Cutting Ball Theater's Ubu Roi frolics in kitchen sink surrealism
THEATER Alfred Jarry's Ubu Roi is probably better known for its riotous Parisian opening (back in 1896) than for the play itself. The profanity it leveled against the city's crème de la crème, beginning with its famous opening incantation, "Merdre!" — not exactly a word but dirty-sounding enough to precipitate a violent revolt long before the final curtain — broke open the doors of the WC on so-called polite society. As it turned out, no one was really keen or able to close them again.
Jarry, a papa of Dada, died desperately poor and unknown a decade later, but his work and life remained an inspiration and touchstone to the avant-garde. Indeed, his best known work, Ubu Roi, is an absurdist play avant la lettre, as the French say, anticipating the luminous assaults on convention by Beckett, Ionesco, Dürrenmatt, Albee, Havel, and others. Ultimately, it is surely Ubu's willful nonsense — a refusal to accept the strictures not just of traditional drama, or the mores of the time, but of the very sense of reality propagated and regimented by the dominant society — that made the play (and Jarry) so deeply offensive to most, and so deeply exciting to some.
Still, it isn't clear what the merits of a play like Ubu might be for a contemporary audience, culturally steeped in merdre of all kinds and pretty blasé about it. The Cutting Ball Theater's current production, based on a new translation by artistic director Rob Melrose, offers some tantalizing suggestions in its detailed take on Jarry's comical excesses. Helmed by Moscow-born, Baltimore-based director Yury Urnov, the dream world of the play comes slyly refracted through a decidedly contemporary San Francisco lens, in the form of a sleekly stylish modern-day kitchen (designed by Cutting Ball associate Michael Locher), in and from which all the action arises.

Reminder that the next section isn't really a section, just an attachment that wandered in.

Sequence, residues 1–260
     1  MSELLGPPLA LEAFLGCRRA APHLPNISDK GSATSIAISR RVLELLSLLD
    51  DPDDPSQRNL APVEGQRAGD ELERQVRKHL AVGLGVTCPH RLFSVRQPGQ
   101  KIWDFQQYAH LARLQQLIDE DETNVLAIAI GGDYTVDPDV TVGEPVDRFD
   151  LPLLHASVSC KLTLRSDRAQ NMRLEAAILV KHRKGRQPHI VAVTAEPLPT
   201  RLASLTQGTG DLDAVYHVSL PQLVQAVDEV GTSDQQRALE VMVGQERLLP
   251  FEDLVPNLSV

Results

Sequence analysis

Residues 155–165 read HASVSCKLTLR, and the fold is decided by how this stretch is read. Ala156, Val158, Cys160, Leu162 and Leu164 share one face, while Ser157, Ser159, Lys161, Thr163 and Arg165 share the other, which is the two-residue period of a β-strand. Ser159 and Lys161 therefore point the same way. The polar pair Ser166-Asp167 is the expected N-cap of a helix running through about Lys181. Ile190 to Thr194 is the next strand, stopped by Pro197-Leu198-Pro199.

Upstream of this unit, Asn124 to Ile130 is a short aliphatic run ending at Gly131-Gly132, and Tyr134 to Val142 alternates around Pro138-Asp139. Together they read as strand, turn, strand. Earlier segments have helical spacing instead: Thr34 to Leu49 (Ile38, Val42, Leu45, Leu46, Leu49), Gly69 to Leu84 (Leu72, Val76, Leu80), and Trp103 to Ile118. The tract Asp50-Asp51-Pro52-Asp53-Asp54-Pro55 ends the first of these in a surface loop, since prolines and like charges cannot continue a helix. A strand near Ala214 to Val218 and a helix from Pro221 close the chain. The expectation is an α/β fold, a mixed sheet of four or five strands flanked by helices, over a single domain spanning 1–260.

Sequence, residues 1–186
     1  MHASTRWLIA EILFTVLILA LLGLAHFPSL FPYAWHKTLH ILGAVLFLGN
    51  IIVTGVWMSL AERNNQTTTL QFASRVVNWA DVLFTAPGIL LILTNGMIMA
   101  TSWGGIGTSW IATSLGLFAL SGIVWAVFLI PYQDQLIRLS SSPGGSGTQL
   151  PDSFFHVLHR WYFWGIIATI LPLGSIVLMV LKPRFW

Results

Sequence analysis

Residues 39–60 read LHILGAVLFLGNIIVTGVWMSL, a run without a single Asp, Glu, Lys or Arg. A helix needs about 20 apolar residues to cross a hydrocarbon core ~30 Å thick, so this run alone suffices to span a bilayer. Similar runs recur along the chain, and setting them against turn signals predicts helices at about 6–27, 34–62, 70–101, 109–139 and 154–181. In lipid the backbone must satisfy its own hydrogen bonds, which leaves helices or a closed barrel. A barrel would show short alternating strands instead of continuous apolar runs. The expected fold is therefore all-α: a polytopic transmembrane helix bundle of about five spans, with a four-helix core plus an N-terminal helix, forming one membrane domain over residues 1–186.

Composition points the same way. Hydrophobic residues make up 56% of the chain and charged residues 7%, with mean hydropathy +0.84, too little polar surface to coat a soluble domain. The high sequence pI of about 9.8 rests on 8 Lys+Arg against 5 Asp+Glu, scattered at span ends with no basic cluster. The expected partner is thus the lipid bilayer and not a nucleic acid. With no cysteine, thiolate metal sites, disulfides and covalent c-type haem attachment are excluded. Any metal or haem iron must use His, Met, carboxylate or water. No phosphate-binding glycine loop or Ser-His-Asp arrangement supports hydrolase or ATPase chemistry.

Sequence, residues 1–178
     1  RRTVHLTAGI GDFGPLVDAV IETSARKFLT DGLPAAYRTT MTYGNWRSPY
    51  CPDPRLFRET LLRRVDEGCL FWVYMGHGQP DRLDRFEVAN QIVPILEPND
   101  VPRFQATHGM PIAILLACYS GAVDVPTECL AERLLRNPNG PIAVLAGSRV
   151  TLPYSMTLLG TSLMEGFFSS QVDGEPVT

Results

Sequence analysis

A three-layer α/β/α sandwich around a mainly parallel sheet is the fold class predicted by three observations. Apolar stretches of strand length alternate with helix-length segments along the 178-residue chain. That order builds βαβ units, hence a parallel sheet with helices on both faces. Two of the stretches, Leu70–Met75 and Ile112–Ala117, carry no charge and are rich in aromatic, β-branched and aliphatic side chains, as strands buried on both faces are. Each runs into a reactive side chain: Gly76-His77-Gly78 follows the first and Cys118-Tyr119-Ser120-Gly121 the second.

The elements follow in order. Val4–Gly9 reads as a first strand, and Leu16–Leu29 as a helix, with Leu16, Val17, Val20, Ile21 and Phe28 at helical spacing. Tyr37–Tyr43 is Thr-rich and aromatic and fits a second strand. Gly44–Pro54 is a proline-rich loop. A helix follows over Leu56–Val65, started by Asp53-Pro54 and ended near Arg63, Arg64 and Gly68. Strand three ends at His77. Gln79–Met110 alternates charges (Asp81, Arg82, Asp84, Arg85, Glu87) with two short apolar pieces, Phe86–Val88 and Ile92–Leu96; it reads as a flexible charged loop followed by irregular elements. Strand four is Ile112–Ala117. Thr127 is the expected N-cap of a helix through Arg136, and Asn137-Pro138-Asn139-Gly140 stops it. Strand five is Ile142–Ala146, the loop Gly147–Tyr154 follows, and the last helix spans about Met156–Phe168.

Arranged in the semi-round, with the audience on three sides, the kitchen setting makes an immediate sense as the center of the gluttonous bourgeois world, and not least because the playful dialogue, alternately grand and obtuse, suggests it already with its saucy mixing of food and fecal language. Urnov and cast have great fun in exploring the place, manipulating the mobile islands and cabinets, searching out its nooks and corners, and reveling in the foodie possibilities it presents (to the occasional light splattering of those audience members seated nearest).
Played with a robust appetite, devil-may-care insouciance, and artful humor by Cutting Ball's David Sinaiko, the titular Father Ubu is a scatological rogue, a loving husband, a pitiless plotter, and naturally enough an esteemed state official: high-ranking officer and right hand to Polish King Wenceslas (a duly puffed up William Boynton). In the role of Lady Macbeth to her too contented, weak-livered husband, Mother Ubu (played with a persuasive mix of impetuous greed and voluptuous innocence by Ponder Goddard) convinces him to set his sights a little higher than the refrigerator. Ubu soon obliges, drawing a small band of conspirators (ensemble members Boynton, Nathaniel Justiniano, Marilet Martinez, and Andrew P. Quick) into his gamesmanship — with help from Mother Ubu, who anoints each co-conspirator solemnly with a dash of water from the tip of a toilet brush.
The coup succeeds initially but things soon go awry, as the deposed Queen (a scrappy Martinez) and her intrepid son, the heretofore sulky Bougrelas (a bounding, amusingly campy Justiniano), fight back.